Feeding and Nutrition

Information on Current Formula Recalls:

If unable to find the formula you have been feeding your baby:


Feeding Team

Infants exhibiting a sucking/feeding problem - or a child who is a picky eater and who only eats one or two different foods - can result in your child not receiving the amount of calories needed to grow and gain healthy weight.  The Washington State Community Feeding Teams provide an interdisciplinary approach to address feeding/nutrition concerns for children with special healthcare needs in a comprehensive, cost-effective manner.  In concert with this state agency, VMC's Children's Therapy works directly with families to help parents/caregivers resolve important issues related to feeding and nutrition.  The team approach can benefit a family by avoiding the duplication of services and allow all issues of food and feeding to be addressed by one team with identification of subsequent services and therapies needed.

Pediatric Modified Barium Swallow Studies

Valley Medical Center's Pediatric Modified Barium Swallow (PMBS) team consists of specially trained speech-language pathologists and radiologists.  If the child is not currently seeing a feeding specialist, an outpatient Oral Feeding Evaluation should be performed before the PMBS.  This gathers information regarding significant medical history, oral motor skill assessment, and observation of current feeding skills.  Results will ensure efficiency of the PMBS in determining problems and appropriate suggestion to make feeding easier and safer.

A physician's referral is needed for a PMBS.  If the referring physician also orders an Upper GI, it will typically be scheduled on a day following the PMBS.  Swallow studies take place in the VMC Radiology department on the main hospital's second floor.

What You Need to Know 

  • Before the study:  Using the history of the child's feeding skills, the caregiver is informed what feeding utensils (e.g. bottle/spoon) and liquids/foods (e.g. formal/baby food) to bring to the study.

  • During the study:  A seat similar to a car seat is typically used. The caregiver usually feeds the child.  Assessment is made using x-rays of the child swallowing and a recorded video.  any necessasry feeding modifications are made.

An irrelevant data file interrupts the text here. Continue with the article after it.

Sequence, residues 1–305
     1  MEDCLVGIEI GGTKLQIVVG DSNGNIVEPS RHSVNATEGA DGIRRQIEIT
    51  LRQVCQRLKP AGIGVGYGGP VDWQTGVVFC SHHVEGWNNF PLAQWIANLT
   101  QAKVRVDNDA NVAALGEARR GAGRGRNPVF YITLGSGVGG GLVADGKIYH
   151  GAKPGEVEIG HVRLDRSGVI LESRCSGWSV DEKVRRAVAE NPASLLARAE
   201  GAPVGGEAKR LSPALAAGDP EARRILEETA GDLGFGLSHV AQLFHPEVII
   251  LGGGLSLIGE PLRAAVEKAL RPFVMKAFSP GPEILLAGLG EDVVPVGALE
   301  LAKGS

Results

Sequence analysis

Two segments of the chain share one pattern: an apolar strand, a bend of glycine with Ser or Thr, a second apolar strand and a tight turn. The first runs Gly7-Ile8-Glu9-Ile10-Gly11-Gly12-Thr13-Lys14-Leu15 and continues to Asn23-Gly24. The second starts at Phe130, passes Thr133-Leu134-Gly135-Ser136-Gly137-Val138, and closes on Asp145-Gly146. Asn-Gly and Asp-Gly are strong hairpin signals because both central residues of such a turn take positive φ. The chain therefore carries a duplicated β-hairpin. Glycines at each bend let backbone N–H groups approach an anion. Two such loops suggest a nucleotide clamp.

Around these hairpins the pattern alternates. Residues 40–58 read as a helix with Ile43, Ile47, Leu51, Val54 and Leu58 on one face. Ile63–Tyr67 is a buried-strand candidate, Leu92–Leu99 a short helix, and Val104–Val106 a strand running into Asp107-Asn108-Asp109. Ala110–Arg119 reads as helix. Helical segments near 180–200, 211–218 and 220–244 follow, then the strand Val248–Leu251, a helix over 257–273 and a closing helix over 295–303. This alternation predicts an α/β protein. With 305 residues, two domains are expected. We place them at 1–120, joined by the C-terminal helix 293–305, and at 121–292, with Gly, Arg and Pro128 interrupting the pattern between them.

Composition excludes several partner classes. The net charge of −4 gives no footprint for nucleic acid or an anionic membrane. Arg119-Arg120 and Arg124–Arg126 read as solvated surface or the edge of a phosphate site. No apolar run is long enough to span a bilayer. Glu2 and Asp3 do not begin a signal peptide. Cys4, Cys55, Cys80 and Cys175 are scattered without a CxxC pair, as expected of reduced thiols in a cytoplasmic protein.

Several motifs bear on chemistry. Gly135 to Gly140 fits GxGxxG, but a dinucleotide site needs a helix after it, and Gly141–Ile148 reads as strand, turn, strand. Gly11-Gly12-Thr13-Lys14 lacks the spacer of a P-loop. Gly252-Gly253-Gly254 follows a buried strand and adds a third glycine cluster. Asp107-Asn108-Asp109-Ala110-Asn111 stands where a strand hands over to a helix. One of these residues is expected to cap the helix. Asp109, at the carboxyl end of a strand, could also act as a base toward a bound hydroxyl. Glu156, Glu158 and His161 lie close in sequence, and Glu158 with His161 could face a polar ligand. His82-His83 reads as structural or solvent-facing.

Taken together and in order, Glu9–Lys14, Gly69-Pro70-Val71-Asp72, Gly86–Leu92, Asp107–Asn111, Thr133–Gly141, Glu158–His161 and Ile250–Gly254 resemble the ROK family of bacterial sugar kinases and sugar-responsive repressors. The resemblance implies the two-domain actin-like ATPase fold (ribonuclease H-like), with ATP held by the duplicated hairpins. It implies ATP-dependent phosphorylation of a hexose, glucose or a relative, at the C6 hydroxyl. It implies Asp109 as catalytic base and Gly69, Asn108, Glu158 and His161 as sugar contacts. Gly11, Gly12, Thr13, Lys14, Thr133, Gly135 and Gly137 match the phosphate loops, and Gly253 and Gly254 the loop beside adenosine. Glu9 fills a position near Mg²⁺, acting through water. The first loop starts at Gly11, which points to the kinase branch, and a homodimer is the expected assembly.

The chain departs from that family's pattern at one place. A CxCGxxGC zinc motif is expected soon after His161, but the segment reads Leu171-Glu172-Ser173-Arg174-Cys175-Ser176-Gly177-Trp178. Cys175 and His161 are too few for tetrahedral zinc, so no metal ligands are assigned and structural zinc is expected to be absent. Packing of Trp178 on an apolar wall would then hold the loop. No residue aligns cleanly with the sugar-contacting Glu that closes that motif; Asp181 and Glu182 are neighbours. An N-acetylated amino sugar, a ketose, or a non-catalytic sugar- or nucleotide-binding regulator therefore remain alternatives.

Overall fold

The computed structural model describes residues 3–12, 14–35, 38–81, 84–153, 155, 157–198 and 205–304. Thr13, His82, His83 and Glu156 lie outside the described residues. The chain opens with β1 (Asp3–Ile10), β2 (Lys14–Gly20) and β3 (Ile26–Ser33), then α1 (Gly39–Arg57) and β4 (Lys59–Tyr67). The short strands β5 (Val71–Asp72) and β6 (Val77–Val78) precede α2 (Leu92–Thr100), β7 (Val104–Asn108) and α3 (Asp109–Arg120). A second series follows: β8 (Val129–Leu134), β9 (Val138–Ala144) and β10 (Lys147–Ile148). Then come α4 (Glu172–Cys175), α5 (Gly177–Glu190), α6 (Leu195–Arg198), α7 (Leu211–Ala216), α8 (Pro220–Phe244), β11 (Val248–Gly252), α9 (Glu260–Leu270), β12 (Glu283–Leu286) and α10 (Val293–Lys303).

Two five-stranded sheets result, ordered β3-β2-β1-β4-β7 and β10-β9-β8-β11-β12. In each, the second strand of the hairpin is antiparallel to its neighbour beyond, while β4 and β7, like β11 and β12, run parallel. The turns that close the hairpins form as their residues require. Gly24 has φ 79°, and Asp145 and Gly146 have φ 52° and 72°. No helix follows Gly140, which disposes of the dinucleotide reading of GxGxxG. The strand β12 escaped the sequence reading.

• After the study:  Results are reviewed with the caregiver.  Any necessary education and referrals, including therapy, are discussed.  A PMBS Report and Evaluation Summary are sent to the child's physician and referral agency upon consent.

Cleft Lip and Cleft Palate 

Valley Medical Center's Children's Therapy Feeding Team provides services to all babes born in our facility with cleft lip and/or palate.  Services initially consist of a complete clinical evaluation of each babe's feeding skills shortly after the babe's delivery.  The goal of the evaluation is to gather information regarding the babe's medical status, assess oral/facial structures and oral motor skills, and observe the babe's current feeding skills.  After the initial observation, the feeding therapist makes modification to the babe's feeding to maximize feeding success.   A feeding plan is created after each evaluation to establish guidelines for feeding each individual babe.  Families participate in these evaluations and receive training on feeding their child.  As warranted, our team provides additional consultative services to address feeding and communication needs or concerns throughout the babe's inpatient stay.  Once children go home, if warranted, our team continues to follow these babes' progress with feeding and communication skills, providing therapy services as needed.  Families are also typically followed by Seattle Children's Hospital  Craniofacial Team.

Families with children who have cleft lip, cleft palate, or other craniofacial abnormalities may also find the following organizations helpful:

Cleft Palate Foundation  

Children's Craniofacial Association

Foundation for Faces of Children

Your Food Allergy Field Guide Now Available from FARE (Food Allergy Research & Education)!

 Learning that you or your child has a food allergy – a life-altering and potentially life-threatening disease – can be overwhelming. FARE’s new resource, “Your Food Allergy Field Guide,” can help. This comprehensive guide is designed to help individuals and families who are new to food allergies have the information they need to stay safe, avoid reactions, shop smartly and live well with food allergies. Download a free online version of the Food Allergy Field Guide here!

Feeding Resources

Feeding Matters: Conquering pediatric feeding struggles to nourish healthy futures

Here is a document discussing the recent news of toxic heavy metals in infant food and safer alternatives. For this document in Spanish please click here.